Posted in Blogging Challenge, Professional learning

Edblog Challenge – Looking back

This post about how #scichatNZ started out for me was a no-brainer for me to go back to and revisit for the blog challenge. Especially in light of some thoughts bouncing around after Ulearn about twitter being ‘elite’ and an ‘echo chamber’

Screen Shot 2015-10-10 at 10.32.18 pm

In my original post, I reflected on how valuable twitter had been for me when I shifted to my new school. It allowed me to access ideas that I hadn’t been able to previously. Even just letting me know about events like teachmeets or educamps that weren’t advertised at my school. Getting access to digital resources, or even reminders about pinterest boards was a huge advantage.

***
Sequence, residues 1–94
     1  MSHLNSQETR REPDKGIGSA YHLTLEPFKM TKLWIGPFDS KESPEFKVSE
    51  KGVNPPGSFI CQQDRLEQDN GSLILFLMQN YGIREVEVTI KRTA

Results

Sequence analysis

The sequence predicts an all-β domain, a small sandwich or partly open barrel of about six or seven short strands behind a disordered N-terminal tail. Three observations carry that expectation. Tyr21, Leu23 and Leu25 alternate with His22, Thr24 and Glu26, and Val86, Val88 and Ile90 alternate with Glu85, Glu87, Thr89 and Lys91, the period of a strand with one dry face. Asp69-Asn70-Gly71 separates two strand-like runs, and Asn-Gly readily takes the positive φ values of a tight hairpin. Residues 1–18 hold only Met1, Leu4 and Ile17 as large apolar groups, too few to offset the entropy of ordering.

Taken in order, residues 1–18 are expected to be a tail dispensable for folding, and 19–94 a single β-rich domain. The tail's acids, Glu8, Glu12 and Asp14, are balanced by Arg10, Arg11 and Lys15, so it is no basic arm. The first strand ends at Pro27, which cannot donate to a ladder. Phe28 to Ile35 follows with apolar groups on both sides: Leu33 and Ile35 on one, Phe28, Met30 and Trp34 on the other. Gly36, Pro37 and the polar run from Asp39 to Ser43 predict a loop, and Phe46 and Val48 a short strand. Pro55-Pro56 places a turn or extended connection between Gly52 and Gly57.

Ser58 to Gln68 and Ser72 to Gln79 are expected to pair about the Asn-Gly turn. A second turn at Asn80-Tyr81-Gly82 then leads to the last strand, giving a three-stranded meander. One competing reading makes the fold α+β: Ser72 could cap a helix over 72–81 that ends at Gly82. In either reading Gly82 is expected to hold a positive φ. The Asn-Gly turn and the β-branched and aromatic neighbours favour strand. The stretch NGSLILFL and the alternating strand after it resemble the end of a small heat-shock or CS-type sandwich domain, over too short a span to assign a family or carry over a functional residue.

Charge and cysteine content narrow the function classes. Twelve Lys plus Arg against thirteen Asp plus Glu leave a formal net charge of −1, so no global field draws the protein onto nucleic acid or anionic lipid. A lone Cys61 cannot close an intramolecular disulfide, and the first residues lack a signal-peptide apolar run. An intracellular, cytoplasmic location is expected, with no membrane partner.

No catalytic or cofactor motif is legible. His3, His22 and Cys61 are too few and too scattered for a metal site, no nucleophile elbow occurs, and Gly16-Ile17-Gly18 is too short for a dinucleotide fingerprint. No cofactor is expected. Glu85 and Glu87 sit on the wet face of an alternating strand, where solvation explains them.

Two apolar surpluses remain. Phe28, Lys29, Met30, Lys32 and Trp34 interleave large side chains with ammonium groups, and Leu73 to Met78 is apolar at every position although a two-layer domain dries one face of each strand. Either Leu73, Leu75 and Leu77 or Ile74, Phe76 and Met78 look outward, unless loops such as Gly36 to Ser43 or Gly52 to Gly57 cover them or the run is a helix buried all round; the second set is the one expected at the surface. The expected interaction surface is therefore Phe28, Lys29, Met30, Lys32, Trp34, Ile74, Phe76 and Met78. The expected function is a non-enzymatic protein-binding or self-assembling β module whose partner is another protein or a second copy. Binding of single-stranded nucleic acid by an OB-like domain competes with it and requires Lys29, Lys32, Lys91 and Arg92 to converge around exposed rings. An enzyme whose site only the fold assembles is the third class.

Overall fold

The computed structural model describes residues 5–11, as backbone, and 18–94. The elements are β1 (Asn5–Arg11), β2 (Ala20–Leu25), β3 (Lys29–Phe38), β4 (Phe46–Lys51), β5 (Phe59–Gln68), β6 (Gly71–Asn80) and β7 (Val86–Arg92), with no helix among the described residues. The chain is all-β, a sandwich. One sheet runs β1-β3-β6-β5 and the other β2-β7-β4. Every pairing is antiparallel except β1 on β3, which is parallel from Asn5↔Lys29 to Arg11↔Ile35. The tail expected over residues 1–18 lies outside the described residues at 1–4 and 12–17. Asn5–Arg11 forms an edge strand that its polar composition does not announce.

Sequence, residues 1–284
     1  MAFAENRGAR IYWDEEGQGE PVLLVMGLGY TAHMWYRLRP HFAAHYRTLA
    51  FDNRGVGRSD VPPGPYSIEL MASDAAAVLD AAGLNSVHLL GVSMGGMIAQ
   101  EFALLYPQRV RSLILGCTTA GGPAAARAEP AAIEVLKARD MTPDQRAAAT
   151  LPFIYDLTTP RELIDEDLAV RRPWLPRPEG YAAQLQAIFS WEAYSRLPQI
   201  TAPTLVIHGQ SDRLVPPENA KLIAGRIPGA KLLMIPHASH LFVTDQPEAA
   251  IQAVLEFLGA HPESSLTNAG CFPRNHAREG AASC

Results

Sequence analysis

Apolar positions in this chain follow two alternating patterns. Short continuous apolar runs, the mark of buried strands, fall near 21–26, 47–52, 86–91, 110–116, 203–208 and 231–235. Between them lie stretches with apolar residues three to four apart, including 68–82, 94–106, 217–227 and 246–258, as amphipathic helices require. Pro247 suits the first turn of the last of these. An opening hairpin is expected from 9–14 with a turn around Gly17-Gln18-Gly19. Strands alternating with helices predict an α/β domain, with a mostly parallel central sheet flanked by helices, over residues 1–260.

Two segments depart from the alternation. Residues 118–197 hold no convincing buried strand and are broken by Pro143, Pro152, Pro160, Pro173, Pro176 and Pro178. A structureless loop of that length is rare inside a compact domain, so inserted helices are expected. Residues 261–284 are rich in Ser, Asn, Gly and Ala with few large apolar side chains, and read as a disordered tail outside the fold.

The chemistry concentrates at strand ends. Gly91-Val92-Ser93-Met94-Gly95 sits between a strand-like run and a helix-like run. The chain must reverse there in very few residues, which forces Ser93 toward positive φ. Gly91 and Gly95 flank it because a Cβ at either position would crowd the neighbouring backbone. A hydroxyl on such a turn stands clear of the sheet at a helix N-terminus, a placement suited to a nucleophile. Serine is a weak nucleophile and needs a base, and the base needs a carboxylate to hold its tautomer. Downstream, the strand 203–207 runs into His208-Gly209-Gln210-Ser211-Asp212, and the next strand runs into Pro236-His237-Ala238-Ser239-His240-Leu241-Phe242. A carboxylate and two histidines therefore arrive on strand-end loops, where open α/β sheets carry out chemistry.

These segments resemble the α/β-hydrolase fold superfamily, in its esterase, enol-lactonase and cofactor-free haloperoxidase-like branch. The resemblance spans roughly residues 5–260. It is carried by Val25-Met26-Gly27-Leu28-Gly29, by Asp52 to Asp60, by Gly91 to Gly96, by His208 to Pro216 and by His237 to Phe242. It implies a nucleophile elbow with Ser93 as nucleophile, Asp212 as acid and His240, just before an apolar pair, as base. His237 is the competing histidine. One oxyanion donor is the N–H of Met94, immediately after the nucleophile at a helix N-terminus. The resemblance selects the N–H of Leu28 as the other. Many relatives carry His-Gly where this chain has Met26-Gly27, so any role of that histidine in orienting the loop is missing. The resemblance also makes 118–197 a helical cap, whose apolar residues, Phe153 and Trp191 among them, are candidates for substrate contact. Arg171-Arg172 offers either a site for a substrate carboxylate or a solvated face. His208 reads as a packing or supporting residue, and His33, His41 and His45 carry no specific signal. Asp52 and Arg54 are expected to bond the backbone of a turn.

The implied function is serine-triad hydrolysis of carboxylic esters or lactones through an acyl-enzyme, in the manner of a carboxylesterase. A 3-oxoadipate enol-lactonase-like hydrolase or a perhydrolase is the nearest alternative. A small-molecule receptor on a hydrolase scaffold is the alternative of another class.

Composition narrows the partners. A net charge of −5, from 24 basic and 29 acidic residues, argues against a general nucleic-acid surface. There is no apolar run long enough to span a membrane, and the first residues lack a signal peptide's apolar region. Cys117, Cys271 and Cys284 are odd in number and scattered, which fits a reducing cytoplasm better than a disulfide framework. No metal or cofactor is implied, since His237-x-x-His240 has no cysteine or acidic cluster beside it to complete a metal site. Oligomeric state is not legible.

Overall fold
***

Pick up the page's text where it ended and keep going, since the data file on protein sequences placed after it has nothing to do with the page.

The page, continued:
When I first signed up, I had ‘lurked’ around conversation lacking the confidence to join in. I was delighted when I got a like or a retweet, heartbroken if a question went unreplied to. I still feel occasionally like I don’t quite fit in. Should I really share my blog posts? do I join in a conversation between ‘super awesome amazing people’ I’d be excited to be in the same room with and would go all squawcky if I got to say hello. Do I share links to their blogs? do I need to ask permission?

Or more recently, when I was on the cusp of 200 views on my blog for a month, I agonised over spamming the twitter feed in the hopes of getting my blog viewed more. I restrained myself (with difficulty) (and didn’t break that ‘magic’ mark) by remembering I blog for me. They are my reflections and thoughts, and while it is flattering people read them, or are inspired by them, this is really my thoughts and my learning.